Heaven (Tom Tykwer) – movie review.

A couple of nights ago I watched the film “Heaven”, with Cate Blanchett and Giovanni Ribisi (Phoebe’s brother in Friends). I picked the film mainly because of its director Tom Tykwer, who wrote and directed one of my favourite films, Run, Lola Run. Heaven was not written by him.

Set in Italy, it is the story of a young lady (in her 30s) intent on revenge. Her husband died of a drug overdose, and she blamed his long time friend and dealer, who is also supplying teenagers in the school she works in. She blames him for their deaths too – this dealer also happens to be an important business executive. After a long time of pestering the police, she decides to take the law into her own hands, and she plants a bomb in his office. Only, the bomb doesn’t get him, it gets four innocent people.

She is arrested and is questioned by the police, and she is genuinely distraught to learn that she killed four innocent people (whether she is more upset for killing the innocent people, or for missing her intended target, I don’t know). In the course of her questioning, it becomes evident that there is police corruption, and she gets more frustrated. However, a young police officer (Ribisi) who is acting as translator, starts to feel sorry for her and falls for her (she used to be the English teacher of his younger brother). So he helps her to escape. But first she still want revenge. He helps entice the business executive into the police station, the police officer supplies her with a gun, and she kills the dealer/executive. Then they go into hiding and are chased by the police.

As they run, she learns to trust and love him. He has given up everything for her. They become more alike.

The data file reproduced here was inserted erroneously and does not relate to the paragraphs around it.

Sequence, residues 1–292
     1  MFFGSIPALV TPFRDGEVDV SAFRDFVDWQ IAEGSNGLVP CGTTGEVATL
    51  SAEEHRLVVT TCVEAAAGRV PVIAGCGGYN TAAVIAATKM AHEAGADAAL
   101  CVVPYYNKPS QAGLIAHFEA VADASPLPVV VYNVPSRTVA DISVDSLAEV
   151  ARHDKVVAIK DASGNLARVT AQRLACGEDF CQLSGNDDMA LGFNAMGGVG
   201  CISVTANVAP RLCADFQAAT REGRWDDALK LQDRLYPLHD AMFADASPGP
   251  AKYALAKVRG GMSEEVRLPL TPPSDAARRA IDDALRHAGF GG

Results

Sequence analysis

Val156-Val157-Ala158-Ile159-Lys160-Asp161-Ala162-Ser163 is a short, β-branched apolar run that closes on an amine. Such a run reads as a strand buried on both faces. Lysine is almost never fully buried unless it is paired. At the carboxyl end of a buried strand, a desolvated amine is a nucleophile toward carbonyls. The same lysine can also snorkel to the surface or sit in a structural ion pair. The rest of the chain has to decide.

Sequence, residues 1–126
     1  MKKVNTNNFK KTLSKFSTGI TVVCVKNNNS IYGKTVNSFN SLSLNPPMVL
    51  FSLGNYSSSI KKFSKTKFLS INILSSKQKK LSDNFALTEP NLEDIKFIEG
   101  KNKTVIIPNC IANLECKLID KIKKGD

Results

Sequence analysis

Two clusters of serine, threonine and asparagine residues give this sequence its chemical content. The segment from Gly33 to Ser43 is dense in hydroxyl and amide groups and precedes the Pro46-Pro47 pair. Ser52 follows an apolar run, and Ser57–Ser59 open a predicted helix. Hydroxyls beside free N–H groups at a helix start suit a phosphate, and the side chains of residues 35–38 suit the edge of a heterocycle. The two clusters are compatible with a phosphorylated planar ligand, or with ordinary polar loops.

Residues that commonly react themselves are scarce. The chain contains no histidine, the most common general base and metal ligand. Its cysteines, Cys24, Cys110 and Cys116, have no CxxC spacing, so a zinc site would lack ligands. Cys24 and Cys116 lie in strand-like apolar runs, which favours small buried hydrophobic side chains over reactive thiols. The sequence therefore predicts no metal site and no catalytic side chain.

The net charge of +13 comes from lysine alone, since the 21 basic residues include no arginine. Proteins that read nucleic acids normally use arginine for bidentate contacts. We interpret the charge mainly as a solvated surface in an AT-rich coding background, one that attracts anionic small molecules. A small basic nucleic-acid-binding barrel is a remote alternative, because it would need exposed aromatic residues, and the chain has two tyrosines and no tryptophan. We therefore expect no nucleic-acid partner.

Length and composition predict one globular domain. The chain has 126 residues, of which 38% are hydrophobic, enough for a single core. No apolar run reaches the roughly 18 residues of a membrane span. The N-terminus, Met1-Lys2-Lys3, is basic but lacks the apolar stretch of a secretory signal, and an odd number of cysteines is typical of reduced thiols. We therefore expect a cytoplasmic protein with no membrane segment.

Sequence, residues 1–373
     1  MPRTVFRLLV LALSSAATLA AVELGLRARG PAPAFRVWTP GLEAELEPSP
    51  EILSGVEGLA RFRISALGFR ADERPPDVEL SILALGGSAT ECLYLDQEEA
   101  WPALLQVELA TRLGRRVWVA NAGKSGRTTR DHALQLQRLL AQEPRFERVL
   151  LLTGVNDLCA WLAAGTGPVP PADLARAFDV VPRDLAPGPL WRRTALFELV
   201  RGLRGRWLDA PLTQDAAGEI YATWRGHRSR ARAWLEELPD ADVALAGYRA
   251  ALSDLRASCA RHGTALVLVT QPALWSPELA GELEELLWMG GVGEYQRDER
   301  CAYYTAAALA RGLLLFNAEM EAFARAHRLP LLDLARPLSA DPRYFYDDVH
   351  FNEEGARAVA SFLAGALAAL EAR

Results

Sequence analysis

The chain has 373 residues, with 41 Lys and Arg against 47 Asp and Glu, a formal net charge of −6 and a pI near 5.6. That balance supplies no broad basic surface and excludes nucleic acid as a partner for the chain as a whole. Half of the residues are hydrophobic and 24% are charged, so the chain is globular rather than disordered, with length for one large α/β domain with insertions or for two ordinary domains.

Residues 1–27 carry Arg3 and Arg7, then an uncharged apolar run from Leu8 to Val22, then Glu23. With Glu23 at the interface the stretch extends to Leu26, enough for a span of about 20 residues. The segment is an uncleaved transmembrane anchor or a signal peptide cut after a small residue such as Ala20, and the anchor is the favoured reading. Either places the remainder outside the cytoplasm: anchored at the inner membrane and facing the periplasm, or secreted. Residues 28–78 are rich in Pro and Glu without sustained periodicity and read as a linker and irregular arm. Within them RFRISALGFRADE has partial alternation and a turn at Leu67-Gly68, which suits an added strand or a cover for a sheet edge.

All along I was wondering why the film was called ‘heaven’. The director does of god job of getting us to feel for the woman, despite her crimes. I genuinely wanted them to get away.  It is also shot wonderfully, with many of the scenes giving images of heaven (for example, after she faints one time, he wakes her up has an angelic aura). I watched the special feature interviews on the DVD, and in it Cate Blanchett calls it a story of redemption. I just don’t see this. She is not redeemed from anything; they are on the run. She still gets revenge. She still does not face up to her crimes, and causes hardships for those she stays with. However, during the film, she is changed – transformed from a focussed lady with one intent, into a lady who learns to love and trust, by his love of her. I suppose this is a type of redemption, just not a very complete one.

The final scene is one in which they have stolen a police helicopter and they simply go up, into the sky, out of sight. I suppose, up to heaven.

A beautifully shot and interesting film, but ultimately one which fails to give a vision of heaven or redemption. Real redemption is not just moving past the failures and issues in our life, but having faced up to them, being freed from their power. In Christian thought, redemption is about being freed from the power of guilt, shame, and sin, not because they are in the past, but because they have been dealt with and paid for. In the film, her sins are not paid for, they are simply past.


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